Saturday, May 16, 2009

More On CMBS
The Wall Street Journal had an article this week on General Growth's bankruptcy filing and how it took 168 of its mall properties with in into bankruptcy. All these properties have loans that are in CMBS. This is no small issue because the article states General Growth is the largest CMBS borrower in the United States. Here are a few excerpts:
General Growth's action has rattled investors throughout the $700 billion market for securities backed by commercial mortgages, or CMBS. Investors in other deals had also figured their investment was insulated from a parent company's bankruptcy. Now they're worried that General Growth's move will set a precedent that could affect them.
For tenant in common investors this is interesting:
In past years, to get the malls' mortgages, General Growth had set up 166 "special purpose entities" whose sole purpose was to borrow money. SPEs are attractive to lenders because, according to legal experts, they are "bankruptcy remote," meaning their cash flows are dedicated to paying debt service. The lenders issued securities backed by the SPEs. Holders of securities expect the structure would ensure they'd be paid even if the parent company went bust.
This should give tenant in common investors pause:
A major issue in the bankruptcy case is General Growth's request to draw cash flow from its malls and use it at the corporate level or in other areas of the company. Such transfers of money within the corporate structure used to be routine at General Growth, as they are at other similarly structured real-estate companies. But, now that General Growth is in Chapter 11, its CMBS lenders want to enforce the malls' status as separate entities and keep the malls' extra cash flow from being siphoned away to pay other creditors, namely unsecured lenders.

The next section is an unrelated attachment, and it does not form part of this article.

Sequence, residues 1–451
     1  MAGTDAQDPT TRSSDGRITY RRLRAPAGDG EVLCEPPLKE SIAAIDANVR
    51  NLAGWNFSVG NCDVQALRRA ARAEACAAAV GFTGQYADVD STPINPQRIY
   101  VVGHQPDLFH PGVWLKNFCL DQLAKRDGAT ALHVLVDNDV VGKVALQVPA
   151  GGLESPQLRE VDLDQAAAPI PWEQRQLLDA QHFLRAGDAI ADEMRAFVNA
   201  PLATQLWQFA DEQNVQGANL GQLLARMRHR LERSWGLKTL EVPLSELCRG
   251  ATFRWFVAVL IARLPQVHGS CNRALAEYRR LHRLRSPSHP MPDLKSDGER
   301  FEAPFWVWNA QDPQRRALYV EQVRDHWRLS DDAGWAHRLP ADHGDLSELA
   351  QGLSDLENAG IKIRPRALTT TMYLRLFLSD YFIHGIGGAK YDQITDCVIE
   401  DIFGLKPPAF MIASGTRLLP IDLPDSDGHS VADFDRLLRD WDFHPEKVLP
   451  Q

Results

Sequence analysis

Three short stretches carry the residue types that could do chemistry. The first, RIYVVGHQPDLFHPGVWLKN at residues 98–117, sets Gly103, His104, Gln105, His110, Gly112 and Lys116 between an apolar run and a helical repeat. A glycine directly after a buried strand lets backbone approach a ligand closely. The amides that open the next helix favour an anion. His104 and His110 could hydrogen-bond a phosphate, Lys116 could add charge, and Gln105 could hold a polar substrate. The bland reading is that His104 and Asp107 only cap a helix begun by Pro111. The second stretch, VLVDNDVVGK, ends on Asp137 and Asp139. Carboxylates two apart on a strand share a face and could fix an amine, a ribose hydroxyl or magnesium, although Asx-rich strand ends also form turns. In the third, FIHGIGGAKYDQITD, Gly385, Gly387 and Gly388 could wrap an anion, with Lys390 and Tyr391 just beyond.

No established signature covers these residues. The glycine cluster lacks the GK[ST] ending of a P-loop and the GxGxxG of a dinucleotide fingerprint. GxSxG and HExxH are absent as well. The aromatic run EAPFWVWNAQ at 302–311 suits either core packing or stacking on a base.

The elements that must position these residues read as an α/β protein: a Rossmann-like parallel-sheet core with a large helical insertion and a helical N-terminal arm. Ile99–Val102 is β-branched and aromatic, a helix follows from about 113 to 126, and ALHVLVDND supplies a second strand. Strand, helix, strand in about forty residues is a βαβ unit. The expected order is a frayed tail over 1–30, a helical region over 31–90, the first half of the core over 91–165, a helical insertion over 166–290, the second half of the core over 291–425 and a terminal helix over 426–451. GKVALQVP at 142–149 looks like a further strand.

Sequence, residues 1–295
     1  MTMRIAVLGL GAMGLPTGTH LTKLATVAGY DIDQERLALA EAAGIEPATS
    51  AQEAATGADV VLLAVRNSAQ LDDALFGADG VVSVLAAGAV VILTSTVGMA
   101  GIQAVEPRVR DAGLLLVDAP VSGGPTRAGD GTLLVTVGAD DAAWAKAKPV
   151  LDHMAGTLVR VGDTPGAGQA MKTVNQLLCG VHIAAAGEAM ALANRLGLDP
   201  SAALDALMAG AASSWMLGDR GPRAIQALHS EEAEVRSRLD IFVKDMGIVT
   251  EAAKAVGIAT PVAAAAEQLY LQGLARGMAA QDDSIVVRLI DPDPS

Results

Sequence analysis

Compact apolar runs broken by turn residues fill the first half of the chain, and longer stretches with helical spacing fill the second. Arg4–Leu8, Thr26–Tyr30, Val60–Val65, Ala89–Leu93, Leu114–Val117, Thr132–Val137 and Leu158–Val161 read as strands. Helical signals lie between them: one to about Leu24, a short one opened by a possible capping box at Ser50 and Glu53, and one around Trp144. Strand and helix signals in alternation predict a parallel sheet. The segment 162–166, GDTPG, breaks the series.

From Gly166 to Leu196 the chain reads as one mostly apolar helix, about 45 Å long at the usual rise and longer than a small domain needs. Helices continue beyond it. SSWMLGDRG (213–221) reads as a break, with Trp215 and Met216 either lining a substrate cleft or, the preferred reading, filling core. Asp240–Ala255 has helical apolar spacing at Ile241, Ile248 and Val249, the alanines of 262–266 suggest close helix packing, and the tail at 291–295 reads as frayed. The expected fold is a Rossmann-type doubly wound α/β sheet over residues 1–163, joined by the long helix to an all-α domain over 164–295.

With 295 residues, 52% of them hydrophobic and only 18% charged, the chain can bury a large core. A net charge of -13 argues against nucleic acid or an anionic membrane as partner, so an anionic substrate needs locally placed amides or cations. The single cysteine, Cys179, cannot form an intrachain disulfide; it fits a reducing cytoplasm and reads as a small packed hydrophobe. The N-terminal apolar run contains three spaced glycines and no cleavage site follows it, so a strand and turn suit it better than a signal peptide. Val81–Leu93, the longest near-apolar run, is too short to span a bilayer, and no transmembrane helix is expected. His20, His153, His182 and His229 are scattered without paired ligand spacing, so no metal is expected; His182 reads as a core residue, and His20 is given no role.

I think DBSI, the failed tenant in common syndicator, tried this same maneuver. I don't think that General Growth is going to get away with this move, and I think it would be even harder for a TIC sponsor to try and take investor money. The Special Purpose Entities (SPEs) that the CMBS lenders required to protect them from a single investor bankruptcy (TICs had up to thirty-five investors, each that was required to form a SPE) may eventually help the TIC investors. General Growth's bankruptcy will give a good indication of what's ahead for investors in TIC deals with poorly capitalized sponsors.

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